# How would a 30-kilometer tall mountain on an Earthlike planet look?

Let us take an earthlike planet. Approximately same radius, atmosphere and climate.

Now let us create an approximately circular, paleovolcanic mountain approximately 30 kilometers in height and 150 kilometers in radius, not dissimilar from Olympus Mons. The crater's radius is 20 kilometers and its depth is 10 kilometers. The mountain is located in a temperate continent similar to Europe, surrounded by grasslands, forests, hillscapes and normal mountain ranges similar to the Alps. It borders the ocean to the south.

My question is:

How would such a mountain look from orbit and from the surface? What vegetation and climate zones would exist? Is it true that there would be no snow above 15 kilometers due to lack of water?

• Sep 15, 2017 at 17:25
• I enjoy this question. I realized who you are just now. I am so pleased to see a question not about torturing people! Not that there's anything wrong with that. Except there is. Sep 17, 2017 at 17:31
• Well...the mountain should somehow be used for executions. Maybe walking people up the mountain in spacesuits, taking off their helmets and throwing the bodies into the crater? Sep 25, 2017 at 13:52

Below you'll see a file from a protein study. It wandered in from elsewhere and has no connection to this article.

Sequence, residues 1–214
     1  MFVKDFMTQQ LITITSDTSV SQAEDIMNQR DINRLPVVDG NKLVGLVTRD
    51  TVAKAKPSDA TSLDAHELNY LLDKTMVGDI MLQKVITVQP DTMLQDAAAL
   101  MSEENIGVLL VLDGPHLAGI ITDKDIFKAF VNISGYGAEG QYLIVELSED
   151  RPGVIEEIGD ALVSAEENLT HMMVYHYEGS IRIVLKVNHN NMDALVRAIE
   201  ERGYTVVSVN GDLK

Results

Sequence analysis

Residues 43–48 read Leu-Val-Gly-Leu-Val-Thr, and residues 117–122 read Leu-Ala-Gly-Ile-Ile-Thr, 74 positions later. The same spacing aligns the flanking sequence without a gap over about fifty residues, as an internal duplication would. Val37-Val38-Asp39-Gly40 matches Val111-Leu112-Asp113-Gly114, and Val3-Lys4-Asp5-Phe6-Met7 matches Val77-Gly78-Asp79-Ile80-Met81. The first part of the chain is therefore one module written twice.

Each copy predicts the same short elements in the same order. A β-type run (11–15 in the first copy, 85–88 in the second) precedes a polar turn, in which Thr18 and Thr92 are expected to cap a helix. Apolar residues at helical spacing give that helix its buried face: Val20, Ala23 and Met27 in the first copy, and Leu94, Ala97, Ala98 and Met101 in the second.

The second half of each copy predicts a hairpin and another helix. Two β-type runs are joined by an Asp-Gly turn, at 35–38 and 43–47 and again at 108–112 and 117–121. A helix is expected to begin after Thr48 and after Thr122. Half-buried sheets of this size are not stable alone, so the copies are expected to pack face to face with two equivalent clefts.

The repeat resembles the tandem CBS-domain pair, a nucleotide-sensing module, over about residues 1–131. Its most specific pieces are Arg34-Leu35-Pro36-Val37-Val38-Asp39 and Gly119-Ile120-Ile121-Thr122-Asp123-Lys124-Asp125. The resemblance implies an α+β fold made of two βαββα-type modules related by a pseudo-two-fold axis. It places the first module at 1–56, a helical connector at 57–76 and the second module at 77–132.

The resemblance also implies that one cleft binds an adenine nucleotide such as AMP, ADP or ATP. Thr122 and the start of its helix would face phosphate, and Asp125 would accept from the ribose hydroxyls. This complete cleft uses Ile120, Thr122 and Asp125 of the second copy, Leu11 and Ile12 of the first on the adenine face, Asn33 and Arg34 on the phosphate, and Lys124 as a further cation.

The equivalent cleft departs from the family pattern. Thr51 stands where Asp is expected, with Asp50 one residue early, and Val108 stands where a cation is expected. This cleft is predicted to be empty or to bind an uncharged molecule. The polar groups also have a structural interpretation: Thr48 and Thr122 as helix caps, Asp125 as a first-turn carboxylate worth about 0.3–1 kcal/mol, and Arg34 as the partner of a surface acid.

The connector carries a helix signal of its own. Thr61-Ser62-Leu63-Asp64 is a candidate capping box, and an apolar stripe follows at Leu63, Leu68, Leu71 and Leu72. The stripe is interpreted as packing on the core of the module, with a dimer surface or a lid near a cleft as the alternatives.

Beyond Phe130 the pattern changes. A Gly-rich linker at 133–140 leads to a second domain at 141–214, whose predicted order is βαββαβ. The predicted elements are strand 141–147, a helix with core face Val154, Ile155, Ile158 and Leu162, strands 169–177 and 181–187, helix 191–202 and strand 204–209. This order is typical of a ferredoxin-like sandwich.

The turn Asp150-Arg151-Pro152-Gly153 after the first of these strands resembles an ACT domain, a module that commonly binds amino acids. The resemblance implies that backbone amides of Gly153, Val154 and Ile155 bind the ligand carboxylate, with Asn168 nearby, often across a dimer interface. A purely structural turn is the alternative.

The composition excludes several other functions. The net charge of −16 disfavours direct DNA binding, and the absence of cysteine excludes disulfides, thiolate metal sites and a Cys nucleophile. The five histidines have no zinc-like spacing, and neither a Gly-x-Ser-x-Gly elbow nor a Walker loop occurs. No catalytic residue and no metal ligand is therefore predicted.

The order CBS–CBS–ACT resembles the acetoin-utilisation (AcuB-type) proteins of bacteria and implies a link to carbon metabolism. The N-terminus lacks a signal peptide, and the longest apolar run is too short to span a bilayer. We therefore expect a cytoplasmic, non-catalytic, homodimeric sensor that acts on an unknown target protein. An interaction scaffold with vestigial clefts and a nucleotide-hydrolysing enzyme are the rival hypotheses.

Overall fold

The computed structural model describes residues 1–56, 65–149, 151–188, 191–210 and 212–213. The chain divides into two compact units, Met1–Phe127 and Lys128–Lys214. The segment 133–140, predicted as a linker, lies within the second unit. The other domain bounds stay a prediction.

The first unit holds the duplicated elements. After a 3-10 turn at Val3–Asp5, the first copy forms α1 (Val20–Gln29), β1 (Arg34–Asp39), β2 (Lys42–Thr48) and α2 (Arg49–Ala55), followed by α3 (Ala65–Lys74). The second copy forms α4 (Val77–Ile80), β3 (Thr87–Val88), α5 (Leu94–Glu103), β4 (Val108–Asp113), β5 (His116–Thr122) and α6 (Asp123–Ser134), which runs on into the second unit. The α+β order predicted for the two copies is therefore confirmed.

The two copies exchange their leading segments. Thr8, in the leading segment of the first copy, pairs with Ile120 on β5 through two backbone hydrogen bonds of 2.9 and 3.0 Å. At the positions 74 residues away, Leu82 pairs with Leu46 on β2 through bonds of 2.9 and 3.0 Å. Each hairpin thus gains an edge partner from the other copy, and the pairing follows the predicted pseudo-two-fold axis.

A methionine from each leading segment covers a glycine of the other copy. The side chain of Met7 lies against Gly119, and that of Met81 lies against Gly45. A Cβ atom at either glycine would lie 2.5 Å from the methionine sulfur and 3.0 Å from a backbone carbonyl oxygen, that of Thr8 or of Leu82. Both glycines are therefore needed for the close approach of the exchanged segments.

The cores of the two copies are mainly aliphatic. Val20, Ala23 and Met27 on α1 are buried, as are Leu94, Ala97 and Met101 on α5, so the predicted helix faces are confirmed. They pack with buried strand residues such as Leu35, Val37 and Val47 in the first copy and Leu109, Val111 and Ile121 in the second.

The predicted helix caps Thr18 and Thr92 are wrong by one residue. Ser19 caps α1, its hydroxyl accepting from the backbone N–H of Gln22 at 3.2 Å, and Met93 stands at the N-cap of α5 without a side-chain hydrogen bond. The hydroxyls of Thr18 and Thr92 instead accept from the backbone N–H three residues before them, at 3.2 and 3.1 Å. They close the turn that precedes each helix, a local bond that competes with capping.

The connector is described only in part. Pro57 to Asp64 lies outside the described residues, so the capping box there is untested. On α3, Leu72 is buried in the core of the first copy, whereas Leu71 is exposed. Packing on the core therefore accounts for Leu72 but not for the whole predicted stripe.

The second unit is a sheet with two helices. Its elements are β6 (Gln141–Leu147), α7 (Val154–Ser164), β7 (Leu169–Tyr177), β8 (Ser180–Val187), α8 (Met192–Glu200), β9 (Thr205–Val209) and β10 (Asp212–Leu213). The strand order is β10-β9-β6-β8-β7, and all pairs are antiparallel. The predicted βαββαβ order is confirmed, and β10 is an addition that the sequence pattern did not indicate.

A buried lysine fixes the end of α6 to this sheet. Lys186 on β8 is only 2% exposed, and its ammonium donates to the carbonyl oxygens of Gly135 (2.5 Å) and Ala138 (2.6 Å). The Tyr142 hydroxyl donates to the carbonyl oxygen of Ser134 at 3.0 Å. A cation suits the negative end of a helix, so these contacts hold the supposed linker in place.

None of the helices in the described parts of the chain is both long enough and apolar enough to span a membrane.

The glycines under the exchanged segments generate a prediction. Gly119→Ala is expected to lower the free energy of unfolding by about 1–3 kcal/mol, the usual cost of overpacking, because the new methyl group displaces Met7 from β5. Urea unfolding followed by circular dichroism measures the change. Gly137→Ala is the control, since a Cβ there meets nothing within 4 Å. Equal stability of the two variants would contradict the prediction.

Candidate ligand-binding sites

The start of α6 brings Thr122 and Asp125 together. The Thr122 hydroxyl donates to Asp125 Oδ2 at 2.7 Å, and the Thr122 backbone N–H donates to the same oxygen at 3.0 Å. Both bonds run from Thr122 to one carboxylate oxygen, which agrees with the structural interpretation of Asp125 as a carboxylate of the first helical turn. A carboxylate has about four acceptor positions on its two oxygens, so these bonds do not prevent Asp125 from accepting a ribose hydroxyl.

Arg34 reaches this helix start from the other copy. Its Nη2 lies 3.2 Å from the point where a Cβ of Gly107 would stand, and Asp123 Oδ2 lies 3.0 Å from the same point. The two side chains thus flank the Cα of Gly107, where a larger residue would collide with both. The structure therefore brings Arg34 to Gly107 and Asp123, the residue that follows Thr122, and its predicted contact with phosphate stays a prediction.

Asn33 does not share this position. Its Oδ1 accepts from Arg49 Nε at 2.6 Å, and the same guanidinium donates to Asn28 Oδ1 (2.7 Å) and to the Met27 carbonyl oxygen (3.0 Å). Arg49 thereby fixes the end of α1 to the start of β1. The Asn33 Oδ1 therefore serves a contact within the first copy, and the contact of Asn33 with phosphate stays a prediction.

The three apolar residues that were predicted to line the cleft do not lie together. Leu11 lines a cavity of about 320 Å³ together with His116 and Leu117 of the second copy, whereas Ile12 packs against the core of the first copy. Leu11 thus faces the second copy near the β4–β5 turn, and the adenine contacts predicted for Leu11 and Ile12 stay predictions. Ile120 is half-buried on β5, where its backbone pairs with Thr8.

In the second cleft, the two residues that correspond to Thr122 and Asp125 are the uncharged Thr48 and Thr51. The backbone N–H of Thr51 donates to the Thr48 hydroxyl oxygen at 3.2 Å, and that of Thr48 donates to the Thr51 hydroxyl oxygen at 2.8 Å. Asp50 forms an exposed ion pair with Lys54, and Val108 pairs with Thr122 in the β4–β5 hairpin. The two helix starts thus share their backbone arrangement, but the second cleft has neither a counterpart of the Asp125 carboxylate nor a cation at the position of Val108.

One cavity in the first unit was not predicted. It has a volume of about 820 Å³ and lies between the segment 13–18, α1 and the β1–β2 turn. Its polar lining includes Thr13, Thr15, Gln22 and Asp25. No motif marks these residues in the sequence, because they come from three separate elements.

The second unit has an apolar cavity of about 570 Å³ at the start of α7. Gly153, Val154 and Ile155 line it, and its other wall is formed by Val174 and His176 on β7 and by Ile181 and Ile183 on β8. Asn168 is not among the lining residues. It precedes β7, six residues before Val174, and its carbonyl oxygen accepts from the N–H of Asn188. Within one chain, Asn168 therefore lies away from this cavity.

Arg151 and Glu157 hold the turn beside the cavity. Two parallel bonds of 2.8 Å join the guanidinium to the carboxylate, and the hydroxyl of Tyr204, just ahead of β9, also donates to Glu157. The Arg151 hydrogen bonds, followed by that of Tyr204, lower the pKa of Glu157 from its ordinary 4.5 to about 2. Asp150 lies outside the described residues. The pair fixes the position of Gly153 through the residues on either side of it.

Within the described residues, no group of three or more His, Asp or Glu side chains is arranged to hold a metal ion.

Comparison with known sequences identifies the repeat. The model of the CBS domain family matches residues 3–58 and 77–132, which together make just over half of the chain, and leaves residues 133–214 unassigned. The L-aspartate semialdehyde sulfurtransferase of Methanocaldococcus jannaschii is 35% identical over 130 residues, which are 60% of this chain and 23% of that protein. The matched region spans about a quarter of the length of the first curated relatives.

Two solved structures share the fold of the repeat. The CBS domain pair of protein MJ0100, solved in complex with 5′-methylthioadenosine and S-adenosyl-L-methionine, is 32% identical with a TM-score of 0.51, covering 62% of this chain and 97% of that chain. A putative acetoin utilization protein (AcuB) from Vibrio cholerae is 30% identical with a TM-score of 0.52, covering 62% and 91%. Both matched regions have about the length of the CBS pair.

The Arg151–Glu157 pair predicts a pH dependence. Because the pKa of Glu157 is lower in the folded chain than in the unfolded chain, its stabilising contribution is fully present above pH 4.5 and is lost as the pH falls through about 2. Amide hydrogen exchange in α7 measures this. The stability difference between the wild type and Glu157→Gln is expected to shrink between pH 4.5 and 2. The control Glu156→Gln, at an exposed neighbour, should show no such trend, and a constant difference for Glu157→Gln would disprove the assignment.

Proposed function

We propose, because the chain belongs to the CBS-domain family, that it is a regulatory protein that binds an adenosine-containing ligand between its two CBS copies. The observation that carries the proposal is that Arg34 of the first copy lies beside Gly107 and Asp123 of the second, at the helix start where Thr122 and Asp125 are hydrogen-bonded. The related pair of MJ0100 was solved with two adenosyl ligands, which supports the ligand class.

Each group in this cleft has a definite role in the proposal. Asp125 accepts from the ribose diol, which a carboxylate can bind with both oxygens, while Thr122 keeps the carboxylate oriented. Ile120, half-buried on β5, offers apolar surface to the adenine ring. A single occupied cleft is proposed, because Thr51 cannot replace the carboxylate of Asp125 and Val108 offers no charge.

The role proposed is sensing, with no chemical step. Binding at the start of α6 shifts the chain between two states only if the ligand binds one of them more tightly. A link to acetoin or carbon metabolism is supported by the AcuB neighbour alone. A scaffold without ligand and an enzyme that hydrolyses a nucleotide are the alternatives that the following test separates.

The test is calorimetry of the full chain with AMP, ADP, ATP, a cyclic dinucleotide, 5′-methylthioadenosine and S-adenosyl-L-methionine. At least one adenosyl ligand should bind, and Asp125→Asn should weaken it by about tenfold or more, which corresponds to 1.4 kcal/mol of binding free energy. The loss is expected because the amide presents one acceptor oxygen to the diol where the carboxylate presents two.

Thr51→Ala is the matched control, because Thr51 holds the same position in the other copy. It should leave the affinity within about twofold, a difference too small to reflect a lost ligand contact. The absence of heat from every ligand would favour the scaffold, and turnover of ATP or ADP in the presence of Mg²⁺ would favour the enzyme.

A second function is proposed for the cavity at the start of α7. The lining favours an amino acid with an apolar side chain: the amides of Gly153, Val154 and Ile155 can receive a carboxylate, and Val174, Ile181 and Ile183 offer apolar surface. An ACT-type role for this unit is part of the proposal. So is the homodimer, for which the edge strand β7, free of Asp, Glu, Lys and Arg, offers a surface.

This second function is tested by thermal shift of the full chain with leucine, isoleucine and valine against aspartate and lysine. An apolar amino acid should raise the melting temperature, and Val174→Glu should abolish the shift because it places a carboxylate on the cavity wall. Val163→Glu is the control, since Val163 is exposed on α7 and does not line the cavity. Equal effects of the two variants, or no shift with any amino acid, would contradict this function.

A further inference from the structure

• Shield volcanoes have a very gradual slope. You can't really throw people off them. Feb 5, 2019 at 5:03

This mountain will look... unrealistic.

There is a limit to how high a mountain can be in a certain level of gravity how high can mountains be For Earth, this limit is less than 10 km.

(The basic idea is as follows. Take a column of rock; it will exert a certain hydrostatic pressure on its base, proportional to its height. At a certain point this pressure will reach the maximum which can be supported by the material; any attempt to make the column higher will make the material at the base flow sideways. Granite has a density of about 2.7 grams/cubic centimeter and a compressive strength of about 200 MPa or 2 million grams-force/square centimeter; simple arithmetic gives a maximum height of about 7.5 km. Real mountains are not columns, so they can be a little higher because the core of the mountain is propped laterally by the sides and because the mountain is not all granite.)